Cameron County and Brownsville commissioners on Tuesday put their support behind a merger of the three Rio Grande Valley organizations that handle transportation planning in their respective areas. It’s a move officials said would make the region eligible for far more state transportation funding and impact economic growth for generations.
The Commissioners Court voted to approve a resolution in favor of joining the Brownsville, Harlingen-San Benito and Hidalgo County metropolitan planning organizations.
Commissioners’ support is contingent on their review of a finalized agreement between the MPOs.
“This is something that’s been in the process for many, many, many years,” County Judge Eddie Trevino Jr. said. After discussions and negotiations between representatives of each MPO, “it’s at the point now where the proposed merger is a win-win for everybody involved.”
Trevino said the merger would give the Rio Grande Valley the fifth-largest MPO in Texas. That would make the region eligible for a pot of money containing 83 percent of Texas Department of Transportation funding, he explained, compared to the 17 percent of money it competes for now.
“We would be at a completely different buffet table that we’ve been at before,” he said.
Brownsville commissioners likewise approved moving forward with talks on the MPO merger. District 1 Commissioner Ricardo Longoria Jr. said while the process has a ways to go, the resolution is a positive step forward.
He said the Harlingen City Commission also voted on a resolution in support of the merger, and Cameron County leaders will now look to McAllen to keep the momentum going.
“It’s more dollars for the region,” Longoria said. “We feel that if we come together … and we take a regional approach, you could bring more money as a group.”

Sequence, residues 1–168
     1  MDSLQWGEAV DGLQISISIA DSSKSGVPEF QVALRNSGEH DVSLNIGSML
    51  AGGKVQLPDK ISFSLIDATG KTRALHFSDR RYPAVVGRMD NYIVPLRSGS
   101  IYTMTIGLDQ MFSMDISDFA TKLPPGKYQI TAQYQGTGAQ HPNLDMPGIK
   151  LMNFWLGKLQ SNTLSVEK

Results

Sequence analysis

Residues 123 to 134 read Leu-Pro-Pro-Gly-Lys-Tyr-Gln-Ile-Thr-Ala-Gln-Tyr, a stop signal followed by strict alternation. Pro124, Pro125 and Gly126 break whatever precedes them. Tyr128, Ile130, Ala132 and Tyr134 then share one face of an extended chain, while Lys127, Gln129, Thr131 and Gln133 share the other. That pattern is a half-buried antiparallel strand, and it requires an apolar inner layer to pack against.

One project that could benefit from the merger is the East Loop, he said, which has been in the development process for about 30 years. The road will divert commercial truck traffic away from International Boulevard and connect to the Port of Brownsville.
Cameron County would have three representatives on the regional MPO Policy Board made up of 23 members, according to the proposed terms and bylaws reviewed by Cameron County commissioners. Brownsville would also have three members, and Hidalgo County would have the most with five.
Harlingen, McAllen and the TxDOT Pharr District would each have two members on the board. The Cameron County Regional Mobility Authority, Hidalgo County Regional Mobility Authority, Edinburg, Mission, Pharr and Valley METRO would each have one representative.
More cities could be added to the Policy Board when they reach a population of 50,000, according to the proposed terms.
While there’s no guarantee the current MPO regions would end up receiving more money due to the merger, he said they won’t get less funding.
“We can’t treat the Valley as a sleepy little area,” he said. “It’s something that may not be appreciated today, but hopefully benefit the region for generations to come.”
Breaking down the TxDOT numbers
21 — The number of small metropolitan planning organizations in the state that divvy up highway funds
4 — The number of mega-MPOs in metro areas that receive 80 percent of highway funds
12.3 — Billions of dollars in Category 2 and Category 7 funding over next 10 years
9.8 — Billions of dollars of the $12.3 billion that will go to the Big 4 MPOs over a decade
2.5 — Billions of dollars earmarked for smaller MPOs like Harlingen-San Benito over 10 years
70 — Total billions of dollars TxDOT will use to fund highways over the next decade